We could be treated like pets: kept in comfortable conditions, well fed, and played with, but without any true freedom. Or we might be used for sport and entertainment: hunted down and captured or killed as spectators watch. Maybe we would be viewed as annoying pests: something to be eradicated to make life more comfortable for those coming to live on our planet.
Or maybe we would be generally ignored, but sometimes toyed with and killed for fun when we are encountered, such as when a child with a magnifying glass follows ants around burning them to death without a second thought about the pain and suffering caused. The child does not relate to the almost insignificant life that it's extinguishing. And so it could be when we are encountered by an advanced alien life form.
My short story, 'Thing in the Sky', illustrates that last casual form of treatment. The alien entity in the story seems to be just playing with the military pilot that encounters it. It's hard to see any other reason for its actions. But maybe there is?
Read the entire story below and find out.
|Donald Jenson heads for home. Will he make it?|
“Wolf One. Control. Patrol completed. Return to base. Set heading two-six-four. Over.”
Flight lieutenant Donald Jenson signed with relief. The lone patrol had been long and uneventful. He eased the control stick of his Typhoon fighter to the right. “Control. Wolf One. Affirmative. Returning to base.” He watched his head-up display, glowing pale green against the blue midday sky beyond, as the heading indicator changed. He brought the stick back to the centre. “Heading two-six-four confirmed. Over.”
It would be a straight thirty-five minute journey home, so Donald engaged the autopilot and let go of the controls. He flexed his fingers and cracked his knuckles and then glanced down at the thick blanket of cloud that was shrouding the North Sea 10,000 feet below. It would be another gloomy day for any fishermen down there. He looked at his radar display. There were several large contacts on the surface, all matching the profile of the trawlers that sailed out of Aberdeen and Fraserburgh. Despite the boredom of the last couple of hours he would much rather be in a warm cockpit bathed in sunshine than rolling around on a stormy grey sea smelling like an old unwashed fishwife.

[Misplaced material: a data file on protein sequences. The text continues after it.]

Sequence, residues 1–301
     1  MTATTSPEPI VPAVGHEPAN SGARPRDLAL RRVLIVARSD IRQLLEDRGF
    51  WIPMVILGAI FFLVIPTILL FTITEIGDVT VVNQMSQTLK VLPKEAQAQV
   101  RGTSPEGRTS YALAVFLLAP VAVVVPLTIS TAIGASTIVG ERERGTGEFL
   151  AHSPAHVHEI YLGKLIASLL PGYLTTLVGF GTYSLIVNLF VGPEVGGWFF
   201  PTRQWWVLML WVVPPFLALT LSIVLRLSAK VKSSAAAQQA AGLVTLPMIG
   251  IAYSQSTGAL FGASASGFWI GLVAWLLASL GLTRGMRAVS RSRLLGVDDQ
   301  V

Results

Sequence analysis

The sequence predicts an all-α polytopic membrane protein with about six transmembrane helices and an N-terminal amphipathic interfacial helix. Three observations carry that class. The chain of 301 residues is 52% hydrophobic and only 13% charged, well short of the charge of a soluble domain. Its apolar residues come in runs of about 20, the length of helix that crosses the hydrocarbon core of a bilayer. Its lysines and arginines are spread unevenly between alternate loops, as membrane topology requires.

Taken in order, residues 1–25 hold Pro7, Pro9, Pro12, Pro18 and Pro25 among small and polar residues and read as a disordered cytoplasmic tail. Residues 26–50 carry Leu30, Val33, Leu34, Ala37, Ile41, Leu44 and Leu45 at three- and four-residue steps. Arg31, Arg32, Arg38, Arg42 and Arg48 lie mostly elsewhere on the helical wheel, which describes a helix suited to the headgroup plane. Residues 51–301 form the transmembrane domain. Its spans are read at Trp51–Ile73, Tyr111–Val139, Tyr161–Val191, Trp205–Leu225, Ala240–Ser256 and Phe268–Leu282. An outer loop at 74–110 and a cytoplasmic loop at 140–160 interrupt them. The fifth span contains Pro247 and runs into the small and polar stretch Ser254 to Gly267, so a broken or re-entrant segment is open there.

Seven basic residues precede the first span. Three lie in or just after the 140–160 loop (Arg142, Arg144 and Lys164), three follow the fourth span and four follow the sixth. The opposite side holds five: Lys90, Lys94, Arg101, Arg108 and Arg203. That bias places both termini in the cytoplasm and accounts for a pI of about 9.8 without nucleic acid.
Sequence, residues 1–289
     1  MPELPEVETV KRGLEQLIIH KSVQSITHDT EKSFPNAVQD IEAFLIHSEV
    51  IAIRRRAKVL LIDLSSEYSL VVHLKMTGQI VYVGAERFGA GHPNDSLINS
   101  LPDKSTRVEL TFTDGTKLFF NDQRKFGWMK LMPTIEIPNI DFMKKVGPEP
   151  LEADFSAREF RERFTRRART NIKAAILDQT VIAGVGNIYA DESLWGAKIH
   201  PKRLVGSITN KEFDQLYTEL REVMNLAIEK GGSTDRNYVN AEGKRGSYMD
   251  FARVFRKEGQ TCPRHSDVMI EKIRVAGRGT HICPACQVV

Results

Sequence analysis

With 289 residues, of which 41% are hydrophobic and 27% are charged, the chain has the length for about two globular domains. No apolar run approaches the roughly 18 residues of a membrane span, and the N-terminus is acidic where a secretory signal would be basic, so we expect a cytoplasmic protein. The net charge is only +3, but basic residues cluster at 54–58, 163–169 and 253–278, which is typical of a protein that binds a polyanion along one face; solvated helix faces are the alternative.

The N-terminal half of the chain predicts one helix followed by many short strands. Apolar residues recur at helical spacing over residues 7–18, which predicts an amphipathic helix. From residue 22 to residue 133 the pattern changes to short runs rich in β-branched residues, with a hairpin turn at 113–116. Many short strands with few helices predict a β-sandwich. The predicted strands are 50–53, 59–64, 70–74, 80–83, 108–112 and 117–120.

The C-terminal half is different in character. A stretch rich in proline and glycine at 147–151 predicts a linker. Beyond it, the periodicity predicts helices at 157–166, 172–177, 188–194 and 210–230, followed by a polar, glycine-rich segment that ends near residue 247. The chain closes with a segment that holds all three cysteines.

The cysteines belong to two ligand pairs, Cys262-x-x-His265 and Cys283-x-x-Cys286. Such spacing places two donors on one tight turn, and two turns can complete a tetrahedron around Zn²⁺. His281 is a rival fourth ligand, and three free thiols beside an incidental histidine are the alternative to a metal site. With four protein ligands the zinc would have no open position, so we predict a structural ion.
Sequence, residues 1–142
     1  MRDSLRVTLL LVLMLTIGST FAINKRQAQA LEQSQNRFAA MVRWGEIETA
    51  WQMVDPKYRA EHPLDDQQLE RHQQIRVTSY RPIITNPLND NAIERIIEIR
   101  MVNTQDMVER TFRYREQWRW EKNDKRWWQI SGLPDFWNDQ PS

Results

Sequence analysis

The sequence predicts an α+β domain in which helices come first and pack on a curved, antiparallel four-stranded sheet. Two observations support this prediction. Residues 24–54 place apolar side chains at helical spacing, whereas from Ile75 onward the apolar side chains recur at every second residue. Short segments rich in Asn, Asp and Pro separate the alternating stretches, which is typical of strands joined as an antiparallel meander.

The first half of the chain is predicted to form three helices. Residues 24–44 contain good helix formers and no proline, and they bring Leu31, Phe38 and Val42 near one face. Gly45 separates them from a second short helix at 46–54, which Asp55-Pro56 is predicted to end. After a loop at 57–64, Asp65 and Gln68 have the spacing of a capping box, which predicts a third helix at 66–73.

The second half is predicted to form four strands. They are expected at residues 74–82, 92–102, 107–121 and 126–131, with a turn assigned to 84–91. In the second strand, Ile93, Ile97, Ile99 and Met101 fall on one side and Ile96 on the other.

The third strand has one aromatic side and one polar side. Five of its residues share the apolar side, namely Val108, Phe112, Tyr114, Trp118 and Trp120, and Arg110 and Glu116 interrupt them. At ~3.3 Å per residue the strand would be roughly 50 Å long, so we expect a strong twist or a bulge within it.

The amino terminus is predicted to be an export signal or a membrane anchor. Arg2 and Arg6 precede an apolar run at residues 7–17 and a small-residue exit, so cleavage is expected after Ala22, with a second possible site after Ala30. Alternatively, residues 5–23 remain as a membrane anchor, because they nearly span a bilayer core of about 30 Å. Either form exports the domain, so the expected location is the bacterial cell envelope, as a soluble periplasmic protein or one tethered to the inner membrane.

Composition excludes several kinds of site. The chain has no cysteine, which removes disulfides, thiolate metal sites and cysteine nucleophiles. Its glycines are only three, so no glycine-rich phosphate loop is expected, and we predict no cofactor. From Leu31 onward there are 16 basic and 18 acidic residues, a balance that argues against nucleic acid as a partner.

Something glinted in the corner of his eye. Donald looked to his right and to the north. It looked like another aircraft, a very small one, at least two miles away. And it was approaching. Strange, his Typhoon’s warning system should have already alerted him to that. He looked down at his radar display again. Other than a couple of high altitude civilian passenger aircraft more than thirty miles away it showed no other air traffic, and certainly nothing as close as the one he had just seen. He looked north again. It was still there, and it looked no more than a mile away now. He decided to call it in.
“Control. Wolf One. Unidentified contact one mile due north at 10,000 feet. Confirm. Over.”
“Wolf One. Control. Negative. Unable to confirm. Do you have a reading? Over.”
“Control. Wolf One. Negative. Visual only. Contact now less than five-hundred feet away. It’s pulling alongside. Over.”
“Wolf One. Control. Can you describe it? Over.”